Council of Europe: Germany must do more against corruption

According to the anti-corruption body of the Council of Europe (GRECO), Germany does not take sufficient precautions against bribery in the Bundestag and must rectify it.

The German Council of Europe delegation must submit a report to the committee on this issue no later than June 2020, in which it shows that GRECO recommendations in the fight against corruption in parliament and in the judiciary would also be implemented, said the body based in the French Strasbourg on Monday.

GRECO criticized that German parliamentarians needed clearer rules for dealing with lobbyists, as well as private conflicts of interest and corporate interests of the deputies must be disclosed in more detail. Previous GRECO recommendations Germany had met only insufficient. In addition to Germany, according to GRECO, there are also non-compliance proceedings against Belarus, Hungary, Turkey, France, Ireland or Austria.

GRECO had initiated a so-called non-compliance with Germany at the end of June, as the panel considered that recommendations from 2015 were insufficiently taken into account.

Germany was recently reprimanded by GRECO for lack of transparency in party funding.

Transparency International judged the GRECO-Bilanz as “devastating”, the “blockade attitude of the Bundestag” was no longer acceptable. “The German parliament must set clear rules for dealing with lobbyists and work for a better disclosure of conflicts of interest,” said Norman Loeckel, the organization’s deputy head of the policy group.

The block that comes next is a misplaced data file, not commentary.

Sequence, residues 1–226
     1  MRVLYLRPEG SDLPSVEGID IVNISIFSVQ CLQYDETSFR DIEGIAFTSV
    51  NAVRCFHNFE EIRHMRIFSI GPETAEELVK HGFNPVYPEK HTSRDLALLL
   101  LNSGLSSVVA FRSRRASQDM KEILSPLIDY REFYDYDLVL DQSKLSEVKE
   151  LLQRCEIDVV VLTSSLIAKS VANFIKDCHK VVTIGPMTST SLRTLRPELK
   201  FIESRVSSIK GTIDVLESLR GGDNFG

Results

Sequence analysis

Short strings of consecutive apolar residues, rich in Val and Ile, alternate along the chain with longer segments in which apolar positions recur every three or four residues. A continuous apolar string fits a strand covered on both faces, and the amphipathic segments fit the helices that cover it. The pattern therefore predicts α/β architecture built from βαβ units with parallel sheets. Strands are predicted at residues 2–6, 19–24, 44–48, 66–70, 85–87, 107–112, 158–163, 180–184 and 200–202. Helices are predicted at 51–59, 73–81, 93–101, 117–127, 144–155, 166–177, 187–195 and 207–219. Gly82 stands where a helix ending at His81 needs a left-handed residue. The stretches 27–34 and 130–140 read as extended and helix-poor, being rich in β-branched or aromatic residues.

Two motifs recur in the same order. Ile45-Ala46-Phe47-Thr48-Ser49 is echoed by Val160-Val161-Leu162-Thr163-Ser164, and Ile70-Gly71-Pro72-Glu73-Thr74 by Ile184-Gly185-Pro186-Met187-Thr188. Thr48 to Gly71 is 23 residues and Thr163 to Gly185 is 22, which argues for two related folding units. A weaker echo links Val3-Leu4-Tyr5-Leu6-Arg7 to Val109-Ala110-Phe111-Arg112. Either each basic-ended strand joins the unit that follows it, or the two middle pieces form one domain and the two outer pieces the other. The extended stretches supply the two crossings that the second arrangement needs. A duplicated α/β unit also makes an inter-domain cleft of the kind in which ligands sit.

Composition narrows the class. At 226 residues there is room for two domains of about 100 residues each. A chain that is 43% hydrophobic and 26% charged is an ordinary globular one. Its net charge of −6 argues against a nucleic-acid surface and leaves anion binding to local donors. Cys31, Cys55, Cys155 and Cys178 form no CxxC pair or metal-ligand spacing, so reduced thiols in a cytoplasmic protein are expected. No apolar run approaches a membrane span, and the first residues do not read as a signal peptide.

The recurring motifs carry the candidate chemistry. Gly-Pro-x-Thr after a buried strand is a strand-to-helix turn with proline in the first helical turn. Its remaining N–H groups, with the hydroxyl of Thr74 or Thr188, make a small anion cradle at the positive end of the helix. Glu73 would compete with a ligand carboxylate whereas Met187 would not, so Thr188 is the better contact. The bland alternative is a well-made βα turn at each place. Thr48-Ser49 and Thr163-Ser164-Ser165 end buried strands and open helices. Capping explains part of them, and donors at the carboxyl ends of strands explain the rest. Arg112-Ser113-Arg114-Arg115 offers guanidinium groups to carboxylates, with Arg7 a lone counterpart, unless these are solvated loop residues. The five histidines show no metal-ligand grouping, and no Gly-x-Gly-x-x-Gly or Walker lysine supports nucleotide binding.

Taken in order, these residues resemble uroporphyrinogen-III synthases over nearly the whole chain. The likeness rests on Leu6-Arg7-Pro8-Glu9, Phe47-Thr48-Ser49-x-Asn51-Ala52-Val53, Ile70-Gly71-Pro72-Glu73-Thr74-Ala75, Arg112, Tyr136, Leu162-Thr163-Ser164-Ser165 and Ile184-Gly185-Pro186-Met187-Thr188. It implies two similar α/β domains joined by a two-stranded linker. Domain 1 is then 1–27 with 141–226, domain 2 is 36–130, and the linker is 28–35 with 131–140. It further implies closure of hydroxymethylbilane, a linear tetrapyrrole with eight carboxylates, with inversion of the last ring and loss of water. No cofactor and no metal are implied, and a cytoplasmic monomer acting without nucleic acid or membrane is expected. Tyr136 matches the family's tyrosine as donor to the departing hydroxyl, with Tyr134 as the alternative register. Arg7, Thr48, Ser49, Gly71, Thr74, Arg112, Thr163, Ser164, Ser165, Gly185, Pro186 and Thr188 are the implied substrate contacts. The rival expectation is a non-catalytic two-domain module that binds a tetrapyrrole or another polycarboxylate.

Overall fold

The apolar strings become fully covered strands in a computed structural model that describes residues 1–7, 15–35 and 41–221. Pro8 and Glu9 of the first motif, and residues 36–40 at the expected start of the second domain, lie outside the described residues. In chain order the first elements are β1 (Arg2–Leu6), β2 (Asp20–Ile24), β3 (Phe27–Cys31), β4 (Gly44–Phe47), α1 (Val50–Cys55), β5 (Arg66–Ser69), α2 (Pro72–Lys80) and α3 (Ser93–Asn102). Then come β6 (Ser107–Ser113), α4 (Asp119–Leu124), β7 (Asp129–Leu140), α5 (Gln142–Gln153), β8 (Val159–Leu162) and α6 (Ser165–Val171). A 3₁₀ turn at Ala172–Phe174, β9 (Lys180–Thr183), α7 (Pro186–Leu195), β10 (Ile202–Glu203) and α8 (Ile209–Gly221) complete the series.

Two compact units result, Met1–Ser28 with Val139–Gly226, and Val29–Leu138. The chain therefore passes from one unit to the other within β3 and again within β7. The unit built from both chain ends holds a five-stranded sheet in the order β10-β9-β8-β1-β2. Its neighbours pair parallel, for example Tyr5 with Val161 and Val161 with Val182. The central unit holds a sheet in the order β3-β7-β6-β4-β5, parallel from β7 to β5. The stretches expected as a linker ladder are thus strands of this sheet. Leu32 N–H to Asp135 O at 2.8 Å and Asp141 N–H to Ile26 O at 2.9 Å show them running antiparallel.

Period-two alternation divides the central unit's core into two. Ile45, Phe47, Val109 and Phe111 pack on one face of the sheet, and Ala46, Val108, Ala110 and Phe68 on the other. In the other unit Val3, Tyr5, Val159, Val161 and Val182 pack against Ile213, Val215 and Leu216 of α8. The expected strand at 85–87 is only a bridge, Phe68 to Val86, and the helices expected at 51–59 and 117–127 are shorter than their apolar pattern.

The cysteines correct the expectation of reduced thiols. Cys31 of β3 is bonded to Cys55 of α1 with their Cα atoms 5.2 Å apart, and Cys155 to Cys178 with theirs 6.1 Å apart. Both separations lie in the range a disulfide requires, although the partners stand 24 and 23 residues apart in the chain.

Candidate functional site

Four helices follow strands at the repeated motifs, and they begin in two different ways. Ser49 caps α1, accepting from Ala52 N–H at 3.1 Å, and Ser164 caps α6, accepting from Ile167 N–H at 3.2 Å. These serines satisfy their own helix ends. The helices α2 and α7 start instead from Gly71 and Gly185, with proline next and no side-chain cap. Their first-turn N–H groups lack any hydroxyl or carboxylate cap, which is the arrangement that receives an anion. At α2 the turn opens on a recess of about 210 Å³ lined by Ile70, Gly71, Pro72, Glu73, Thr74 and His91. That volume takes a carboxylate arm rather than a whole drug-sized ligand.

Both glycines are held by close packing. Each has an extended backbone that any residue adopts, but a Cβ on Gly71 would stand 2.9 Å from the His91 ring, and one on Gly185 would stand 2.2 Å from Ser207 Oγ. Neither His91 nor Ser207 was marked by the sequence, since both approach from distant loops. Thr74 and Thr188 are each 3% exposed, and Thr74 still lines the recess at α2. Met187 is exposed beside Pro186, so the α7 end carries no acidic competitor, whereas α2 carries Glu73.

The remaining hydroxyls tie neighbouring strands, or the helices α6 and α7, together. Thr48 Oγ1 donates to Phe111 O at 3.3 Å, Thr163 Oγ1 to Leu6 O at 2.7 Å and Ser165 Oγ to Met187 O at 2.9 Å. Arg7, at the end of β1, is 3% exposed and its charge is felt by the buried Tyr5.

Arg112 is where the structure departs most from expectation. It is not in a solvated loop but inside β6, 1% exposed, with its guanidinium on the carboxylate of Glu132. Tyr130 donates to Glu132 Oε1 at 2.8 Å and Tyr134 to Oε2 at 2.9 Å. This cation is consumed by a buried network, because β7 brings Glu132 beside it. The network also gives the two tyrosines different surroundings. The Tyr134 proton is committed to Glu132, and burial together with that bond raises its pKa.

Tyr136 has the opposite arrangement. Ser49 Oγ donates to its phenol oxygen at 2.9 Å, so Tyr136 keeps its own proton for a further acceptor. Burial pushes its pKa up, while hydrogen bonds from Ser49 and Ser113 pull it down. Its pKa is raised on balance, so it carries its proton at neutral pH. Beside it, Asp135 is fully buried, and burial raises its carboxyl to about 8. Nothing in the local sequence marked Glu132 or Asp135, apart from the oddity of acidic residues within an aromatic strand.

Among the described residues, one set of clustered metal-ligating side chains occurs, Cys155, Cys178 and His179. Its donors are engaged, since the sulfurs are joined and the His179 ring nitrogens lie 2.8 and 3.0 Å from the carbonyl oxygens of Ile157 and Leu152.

Specifically, the GRECO Board complained that the Bundestag rejected the disclosure of shares of MEPs below a limit of 25 percent of the voting rights. The “Tagesspiegel” reported on the report at the end of last week. Bundestag President Wolfgang Schäuble (CDU) told the newspaper that the Bundestag deals with the GRECO recommendations after the summer break. “I am sure that the political groups will scrutinize the recommendations of the report in the Legal Commission in order to reconcile the German legislation and the recommendations from Strasbourg.”

The Anti-Corruption Panel, in its annual report, said that the overall rate of implementation of GRECO recommendations is underway. Only just under 34 percent of the recommendations were fully applied last year in the member states.

The Council of Europe, based in Strasbourg, France, and its bodies are responsible for human rights issues and not part of the European Union. GRECO was launched 20 years ago and has a total of 49 member states.